Sunday, November 21, 2010

Polyphemus Moth Cocoon

Earlier this summer I stumbled upon a mating pair of Polyphemus moths. I took the female home, she laid some eggs and I let her go. I then attempted rearing the caterpillars in captivity but this was my first time doing this. Sadly I failed, they all died shortly after. Normally this would be the end of the story but it's not. You see, I was feeding the caterpillars leaves to the oak and maple trees we have in our yard... what I didn't expect was the Polyphemus moth laying eggs on them before departing.

Hidden in the fallen leaves at the base of our willow oak is the cocoon to a Polyphemus moth.

It's empty of course. It's far to late in the year to find adults.

I showed this picture to someone who's opinion I trust is correct. She raises several species of giant silk moth in captivity. She said the texture, shape, size, and even it's location (the leaf litter around oak and maple trees) are exactly what she'd expect a Polyphemus moth to produce. It's also rock solid. I can't believe how hard this thing is.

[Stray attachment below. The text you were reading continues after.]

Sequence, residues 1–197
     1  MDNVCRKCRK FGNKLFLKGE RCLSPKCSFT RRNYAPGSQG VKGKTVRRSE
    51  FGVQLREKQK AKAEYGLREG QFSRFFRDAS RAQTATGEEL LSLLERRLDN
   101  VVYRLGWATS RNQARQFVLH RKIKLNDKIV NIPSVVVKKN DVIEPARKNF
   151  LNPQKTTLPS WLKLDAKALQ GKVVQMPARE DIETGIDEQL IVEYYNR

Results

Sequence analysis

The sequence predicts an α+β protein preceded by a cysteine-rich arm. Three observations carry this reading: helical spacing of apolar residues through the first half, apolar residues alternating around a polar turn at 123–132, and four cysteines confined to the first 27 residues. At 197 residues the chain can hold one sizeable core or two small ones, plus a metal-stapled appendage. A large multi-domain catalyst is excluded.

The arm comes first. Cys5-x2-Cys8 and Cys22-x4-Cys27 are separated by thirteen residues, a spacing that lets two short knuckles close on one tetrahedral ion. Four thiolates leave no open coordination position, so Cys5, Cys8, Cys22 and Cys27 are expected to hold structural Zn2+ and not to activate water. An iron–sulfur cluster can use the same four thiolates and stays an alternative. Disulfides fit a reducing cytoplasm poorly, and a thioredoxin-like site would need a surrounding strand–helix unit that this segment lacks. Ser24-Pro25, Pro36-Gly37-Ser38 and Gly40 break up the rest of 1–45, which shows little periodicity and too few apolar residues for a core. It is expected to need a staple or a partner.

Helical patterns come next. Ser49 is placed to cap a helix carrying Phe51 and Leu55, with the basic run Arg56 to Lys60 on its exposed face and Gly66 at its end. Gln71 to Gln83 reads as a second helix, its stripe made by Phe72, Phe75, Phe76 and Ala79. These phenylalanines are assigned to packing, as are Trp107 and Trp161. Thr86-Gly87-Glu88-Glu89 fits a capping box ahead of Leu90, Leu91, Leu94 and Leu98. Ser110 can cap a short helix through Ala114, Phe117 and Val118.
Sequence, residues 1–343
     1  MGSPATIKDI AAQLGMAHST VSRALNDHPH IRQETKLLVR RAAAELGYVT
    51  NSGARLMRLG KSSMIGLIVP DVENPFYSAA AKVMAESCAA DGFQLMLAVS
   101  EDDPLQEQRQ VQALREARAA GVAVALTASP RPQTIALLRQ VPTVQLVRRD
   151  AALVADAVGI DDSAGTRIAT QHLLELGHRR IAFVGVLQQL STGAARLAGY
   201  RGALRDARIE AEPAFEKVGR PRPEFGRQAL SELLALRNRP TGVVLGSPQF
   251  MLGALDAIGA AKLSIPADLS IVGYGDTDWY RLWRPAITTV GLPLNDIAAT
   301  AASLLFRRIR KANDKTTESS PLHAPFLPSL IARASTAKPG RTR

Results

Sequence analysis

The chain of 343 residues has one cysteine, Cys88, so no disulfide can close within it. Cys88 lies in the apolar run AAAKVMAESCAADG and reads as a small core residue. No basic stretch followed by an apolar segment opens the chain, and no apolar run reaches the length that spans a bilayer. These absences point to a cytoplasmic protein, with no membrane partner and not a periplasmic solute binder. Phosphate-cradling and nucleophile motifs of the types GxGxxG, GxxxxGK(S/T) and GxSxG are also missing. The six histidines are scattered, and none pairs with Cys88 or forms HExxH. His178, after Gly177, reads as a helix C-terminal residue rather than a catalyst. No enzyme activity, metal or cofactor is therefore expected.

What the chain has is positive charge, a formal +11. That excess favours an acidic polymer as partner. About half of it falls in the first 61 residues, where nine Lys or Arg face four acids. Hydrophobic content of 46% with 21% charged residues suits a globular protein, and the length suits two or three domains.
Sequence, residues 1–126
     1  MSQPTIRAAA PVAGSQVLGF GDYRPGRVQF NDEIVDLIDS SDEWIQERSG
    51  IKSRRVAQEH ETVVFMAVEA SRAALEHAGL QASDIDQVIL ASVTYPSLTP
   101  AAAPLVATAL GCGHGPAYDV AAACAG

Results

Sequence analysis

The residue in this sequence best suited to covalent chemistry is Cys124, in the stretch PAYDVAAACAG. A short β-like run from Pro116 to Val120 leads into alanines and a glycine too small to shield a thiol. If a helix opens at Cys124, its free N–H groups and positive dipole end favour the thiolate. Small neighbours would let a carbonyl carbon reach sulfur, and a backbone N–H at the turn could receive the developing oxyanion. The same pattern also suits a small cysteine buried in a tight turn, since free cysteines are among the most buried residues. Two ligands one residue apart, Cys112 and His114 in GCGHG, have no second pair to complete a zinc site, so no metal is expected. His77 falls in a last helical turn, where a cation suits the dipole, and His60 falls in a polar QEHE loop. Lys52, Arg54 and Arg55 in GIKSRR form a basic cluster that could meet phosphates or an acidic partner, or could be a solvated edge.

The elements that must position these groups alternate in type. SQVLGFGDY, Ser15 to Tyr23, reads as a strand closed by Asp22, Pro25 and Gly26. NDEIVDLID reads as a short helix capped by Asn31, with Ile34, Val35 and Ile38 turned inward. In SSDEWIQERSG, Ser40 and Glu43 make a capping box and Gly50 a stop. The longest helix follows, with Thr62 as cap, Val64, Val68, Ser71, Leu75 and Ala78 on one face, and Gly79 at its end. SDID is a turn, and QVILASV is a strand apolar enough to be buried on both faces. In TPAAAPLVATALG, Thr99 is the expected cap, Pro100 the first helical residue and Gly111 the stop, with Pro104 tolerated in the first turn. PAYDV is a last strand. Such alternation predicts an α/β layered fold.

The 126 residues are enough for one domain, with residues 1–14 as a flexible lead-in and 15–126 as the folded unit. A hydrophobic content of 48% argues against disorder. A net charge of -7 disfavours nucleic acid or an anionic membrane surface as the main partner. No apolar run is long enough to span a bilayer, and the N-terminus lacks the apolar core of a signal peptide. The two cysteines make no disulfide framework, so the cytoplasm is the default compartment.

So while I may have missed this one emerging, hopefully next year's generations will find my trees to be appetizing and I'll get another chance in the spring.


  1. Hey!! You figured it out! I found the same cocoon :) I didn't know what it was. Anyway, I am linking to this post if that's ok, so people can come and see what the moth looks like. There is a really fun meme tomorrow called Nature Notes and I am linking to it. You may want to check it out because the people that link to it would love your blog I think!

    1. Glad my post helped. Bug Guide is another great source for pictures and info on these moths.

    2. Oh - thank you very much! Glad I found you :)